Our passage from 2 Samuel offers us another model for grief, and the more I spent time with this passage this week, the more it resonated with me. Let me provide some context for this passage. Last week I preached on David and Goliath, from 1 Samuel 17. In the remaining chapters of 1 Samuel, we see that David becomes a rival to King Saul. These chapters are some real Game of Thrones stuff, filled with intrigue, violence, political marriages, and war. Saul likes and needs David, so he keeps him close, but the people love David. This is a huge threat to Saul, and it truly drives him to madness. David is not Saul’s son. David is a threat to Saul’s kingship, and so David and Saul have lived their days filled with massive tension. Several times Saul tries to kill David. Saul later switches methods and has David marry his daughter, which at least gets David in the family, but Saul still later tries to kill David. To understate things pretty massively, David should have every reason to hate Saul and to want to be rid of him. Saul should be David’s enemy, but David will not let his heart be hardened toward someone who has positioned himself as an opponent. Hatred for an enemy destroys the one who hates far more than the enemy.

And then we run into today’s passage. Saul has died in battle on Mount Gilboa during a furious battle with the Philistines. Saul’s enemies have taken his body, dismembered it, and shown his head and torso off as a trophy on a tour through their cities. God’s anointed king is dead, and while David is not in line to be king, many expect him to be the next one. One would expect David to celebrate this turn of events, grab the throne, and enjoy the spoils of his own success.

David doesn’t. In fact, David grieves publicly. David gives us all an example of what it means to express the pain of loss through his song. In it he mourns the death of God’s king, Saul. David mourns for Saul’s sons as well. Nowhere in David’s song of lament is there a hint of moving on. Nowhere is there a hint of hiding his own grief. His grief is real. It is public, and it is raw.

David here is speaking both personally and communally. Yes, he mourns the loss of the king, but he also is mourning on behalf of the whole nation that is suffering greatly in this loss. This is a nation in transition, just as America was a nation in transition during Abraham Lincoln’s presidency. America was split north and south. America was divided over slavery. I think Lincoln channeled some of his inner King David when he gave his Second Inaugural Address in the midst of the Civil War. This address remains one of the finest speeches ever given in our nation, and it is an expression of public grief. Here is but a portion of Lincoln’s speech:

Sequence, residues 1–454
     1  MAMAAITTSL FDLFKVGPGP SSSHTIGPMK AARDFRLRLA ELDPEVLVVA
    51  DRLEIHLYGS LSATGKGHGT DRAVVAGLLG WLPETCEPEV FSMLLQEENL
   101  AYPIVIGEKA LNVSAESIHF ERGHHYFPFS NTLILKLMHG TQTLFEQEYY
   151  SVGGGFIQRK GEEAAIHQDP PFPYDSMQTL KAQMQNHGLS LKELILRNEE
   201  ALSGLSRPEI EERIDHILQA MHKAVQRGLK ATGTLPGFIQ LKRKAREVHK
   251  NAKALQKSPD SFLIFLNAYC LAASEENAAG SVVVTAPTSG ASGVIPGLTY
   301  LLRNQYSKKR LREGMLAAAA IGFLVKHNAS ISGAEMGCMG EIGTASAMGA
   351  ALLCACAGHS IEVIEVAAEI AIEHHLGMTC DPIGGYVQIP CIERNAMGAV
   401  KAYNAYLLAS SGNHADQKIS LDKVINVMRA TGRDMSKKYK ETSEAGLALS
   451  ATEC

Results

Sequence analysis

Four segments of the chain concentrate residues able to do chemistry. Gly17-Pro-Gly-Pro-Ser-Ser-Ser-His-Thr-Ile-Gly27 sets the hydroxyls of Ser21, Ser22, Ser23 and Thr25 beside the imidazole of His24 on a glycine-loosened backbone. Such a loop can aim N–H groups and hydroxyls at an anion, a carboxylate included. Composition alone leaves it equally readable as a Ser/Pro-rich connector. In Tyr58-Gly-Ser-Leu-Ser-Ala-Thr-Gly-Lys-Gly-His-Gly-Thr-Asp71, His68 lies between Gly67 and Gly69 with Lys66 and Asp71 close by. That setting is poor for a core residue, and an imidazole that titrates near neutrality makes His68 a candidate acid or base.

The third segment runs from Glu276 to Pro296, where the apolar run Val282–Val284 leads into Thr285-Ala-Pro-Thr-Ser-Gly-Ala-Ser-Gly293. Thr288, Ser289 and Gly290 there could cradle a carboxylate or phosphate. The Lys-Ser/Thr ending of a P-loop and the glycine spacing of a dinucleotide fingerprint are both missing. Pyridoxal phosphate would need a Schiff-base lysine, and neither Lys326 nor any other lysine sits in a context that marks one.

Each [party] looked for an easier triumph, and a result less fundamental and astounding. Both read the same Bible and pray to the same God, and each invokes His aid against the other. It may seem strange that any men should dare to ask a just God’s assistance in wringing their bread from the sweat of other men’s faces, but let us judge not, that we be not judged. The prayers of both could not be answered. That of neither has been answered fully. The Almighty has His own purposes.

[And in his concluding words…] With malice toward none, with charity for all, with firmness in the right as God gives us to see the right, let us strive on to finish the work we are in, to bind up the nation’s wounds, to care for him who shall have borne the battle and for his widow and his orphan, to do all which may achieve and cherish a just and lasting peace among ourselves and with all nations.

This necessary but tragic battle brought Lincoln to public grief. He grieved that the country was at war with itself. He grieved at the loss of life. He grieved that people could not see the sinfulness of slavery. His public grief was a way of binding up a country that was being torn apart at the seams. His grief was a way of admitting wrong, of dwelling in it, of submitting to God’s bigger plans, and of waiting for the time when things would be right again.

We need to learn how to grieve again. We need to do this as individuals who are far too quick to move on from loss and pain, as though they don’t hurt. But we also need to do this as a people. For in grief we speak the truth about ourselves and our situation. We admit our pain, our errors, and our desire for a better way.

In our opening hymn today, we sang these beautiful words:

O beautiful for heroes proved in liberating strife,
who more than self their country loved, and mercy more than life!
America! America! God mend thine every flaw;
confirm thy soul in self control, thy liberty in law!

Right there – in that third line – we see a glimpse of good grief. We are not perfect. We are not always right. But perhaps when we sit in that pain and grief for awhile, God finds the space to start healing our brokenness. There is good grief to be had, and God works particularly in those moments of our deepest brokenness. I pray we all learn to stay in our grief for awhile and give God space to heal our lives and to heal our land.

[1] Bill Hybels, “A Better Kind of Grieving,” Preaching Today Audio, no. 108.